History of U.S. Telephone Numbers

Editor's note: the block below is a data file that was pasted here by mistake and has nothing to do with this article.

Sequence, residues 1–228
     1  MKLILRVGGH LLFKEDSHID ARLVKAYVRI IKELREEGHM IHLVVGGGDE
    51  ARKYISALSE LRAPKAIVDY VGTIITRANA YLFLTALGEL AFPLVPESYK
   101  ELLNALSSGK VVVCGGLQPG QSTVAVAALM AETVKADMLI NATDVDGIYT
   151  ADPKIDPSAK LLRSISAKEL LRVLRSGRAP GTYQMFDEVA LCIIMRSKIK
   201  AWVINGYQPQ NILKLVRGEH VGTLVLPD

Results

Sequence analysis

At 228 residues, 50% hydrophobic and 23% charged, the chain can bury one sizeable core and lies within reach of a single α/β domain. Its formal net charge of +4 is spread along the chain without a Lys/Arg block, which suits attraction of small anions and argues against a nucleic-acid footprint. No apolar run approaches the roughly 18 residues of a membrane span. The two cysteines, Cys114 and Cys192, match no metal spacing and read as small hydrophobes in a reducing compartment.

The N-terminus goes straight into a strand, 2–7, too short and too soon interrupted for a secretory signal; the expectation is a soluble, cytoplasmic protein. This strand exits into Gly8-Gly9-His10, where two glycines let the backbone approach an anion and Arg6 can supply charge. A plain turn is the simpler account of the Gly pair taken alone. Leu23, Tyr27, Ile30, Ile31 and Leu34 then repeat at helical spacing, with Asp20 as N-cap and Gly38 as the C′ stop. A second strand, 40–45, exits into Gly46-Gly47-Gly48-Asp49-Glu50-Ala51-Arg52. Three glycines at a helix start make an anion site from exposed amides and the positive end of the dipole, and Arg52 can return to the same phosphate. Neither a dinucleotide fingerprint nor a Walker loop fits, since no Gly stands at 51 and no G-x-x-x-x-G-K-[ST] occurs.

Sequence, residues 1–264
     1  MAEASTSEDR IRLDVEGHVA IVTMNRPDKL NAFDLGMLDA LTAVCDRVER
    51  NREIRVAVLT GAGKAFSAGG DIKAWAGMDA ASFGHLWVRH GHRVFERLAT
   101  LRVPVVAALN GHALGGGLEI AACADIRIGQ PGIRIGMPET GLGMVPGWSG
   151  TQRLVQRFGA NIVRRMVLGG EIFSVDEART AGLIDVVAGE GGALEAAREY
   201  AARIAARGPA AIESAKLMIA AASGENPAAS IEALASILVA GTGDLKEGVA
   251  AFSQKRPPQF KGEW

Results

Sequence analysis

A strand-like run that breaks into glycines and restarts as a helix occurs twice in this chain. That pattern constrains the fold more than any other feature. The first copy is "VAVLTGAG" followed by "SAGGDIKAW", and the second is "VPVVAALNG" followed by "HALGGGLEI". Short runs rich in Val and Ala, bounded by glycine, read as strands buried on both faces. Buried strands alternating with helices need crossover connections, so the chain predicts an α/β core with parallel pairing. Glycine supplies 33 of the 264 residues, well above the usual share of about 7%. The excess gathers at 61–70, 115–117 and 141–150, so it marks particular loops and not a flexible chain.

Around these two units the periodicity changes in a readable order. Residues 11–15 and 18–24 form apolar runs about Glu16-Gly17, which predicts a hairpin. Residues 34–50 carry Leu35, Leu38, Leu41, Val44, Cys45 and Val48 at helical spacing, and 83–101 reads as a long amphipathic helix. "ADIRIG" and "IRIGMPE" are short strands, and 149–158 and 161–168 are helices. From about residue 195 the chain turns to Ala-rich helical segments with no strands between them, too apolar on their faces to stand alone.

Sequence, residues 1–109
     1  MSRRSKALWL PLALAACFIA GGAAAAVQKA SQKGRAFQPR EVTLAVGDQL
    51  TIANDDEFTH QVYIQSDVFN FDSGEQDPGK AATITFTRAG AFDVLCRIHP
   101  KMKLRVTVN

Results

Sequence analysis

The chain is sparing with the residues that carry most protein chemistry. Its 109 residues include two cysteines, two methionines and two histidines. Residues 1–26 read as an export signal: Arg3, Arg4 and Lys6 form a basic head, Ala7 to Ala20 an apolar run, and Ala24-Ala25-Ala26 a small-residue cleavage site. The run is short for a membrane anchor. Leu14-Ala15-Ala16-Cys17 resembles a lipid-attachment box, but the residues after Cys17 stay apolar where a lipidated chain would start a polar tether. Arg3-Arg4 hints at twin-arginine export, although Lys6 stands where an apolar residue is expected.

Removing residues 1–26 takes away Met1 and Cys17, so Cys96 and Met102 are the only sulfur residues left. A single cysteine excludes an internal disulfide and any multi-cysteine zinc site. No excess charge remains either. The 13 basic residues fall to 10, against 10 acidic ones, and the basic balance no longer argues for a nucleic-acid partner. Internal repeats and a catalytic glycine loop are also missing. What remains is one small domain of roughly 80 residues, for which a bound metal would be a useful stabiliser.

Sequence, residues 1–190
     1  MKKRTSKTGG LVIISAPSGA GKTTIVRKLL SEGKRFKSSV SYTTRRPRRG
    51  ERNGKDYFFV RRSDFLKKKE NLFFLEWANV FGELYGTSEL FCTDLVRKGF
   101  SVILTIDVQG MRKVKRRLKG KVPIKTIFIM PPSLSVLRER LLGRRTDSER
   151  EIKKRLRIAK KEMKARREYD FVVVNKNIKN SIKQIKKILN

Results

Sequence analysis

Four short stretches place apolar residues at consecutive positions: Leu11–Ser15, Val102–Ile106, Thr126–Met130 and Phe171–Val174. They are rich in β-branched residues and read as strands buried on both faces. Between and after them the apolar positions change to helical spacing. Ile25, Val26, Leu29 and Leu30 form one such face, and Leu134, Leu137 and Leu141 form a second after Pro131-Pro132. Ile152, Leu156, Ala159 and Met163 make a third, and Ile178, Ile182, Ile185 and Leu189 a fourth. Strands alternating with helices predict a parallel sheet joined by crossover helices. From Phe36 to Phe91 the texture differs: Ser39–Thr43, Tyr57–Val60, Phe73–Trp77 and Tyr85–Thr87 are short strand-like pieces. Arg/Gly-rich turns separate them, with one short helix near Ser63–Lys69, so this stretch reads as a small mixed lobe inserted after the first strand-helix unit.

Alexander Graham Bell invented the telephone in 1876. In the very early days, people would just call the operator and ask her to connect them with a specific person. Back then, there were few enough telephones for this method to work. A friend of Bell’s, Dr. Moses Greeley Parker of Lowell, Massachusetts, noticed a problem with this method in 1879. There was a measles epidemic — and telephone operators were not immune to the disease. If an operator fell ill, a substitute would have to take over. That substitute would need time to learn all the names of the 200 telephone users in the area. Parker thought memorizing numbers would be easier. Early on, telephone users would be assigned a four-digit number. Four digits allowed for 9,999 possible number combinations, which was great for a small town. A city needed more. So, after 1928 a two- or three-digit exchange code began to be added. Every 9,999 telephone users in an area would be given a specific exchange code. By 1958, all the telephones in the U.S. had a seven-digit number. Early telephones depended on manual switching, which meant the user had to contact the operator first to make their call. Telephones with rotary dials didn’t become widely used until the 1920’s. During this time, AT&T installed dial telephones in people’s houses. They also had people use a mix of numbers and letters as telephone numbers. In their system, the exchange code was represented by two letters and a number. That system lasted until 1958, and it’s a reason why telephone numbers have letters associated with them. After 1958, telephone numbers were strictly numeric. Area codes were first devised in the late 1940s, but they weren’t implemented until several years later. In 1951, New Jersey became the first state to use an area code. Its code was 201. There were under 90 codes at first, and they were assigned by population. Big cities got codes that were the easiest to dial on a rotary phone, like 212 for New York City, while the more rural Kansa got 913.

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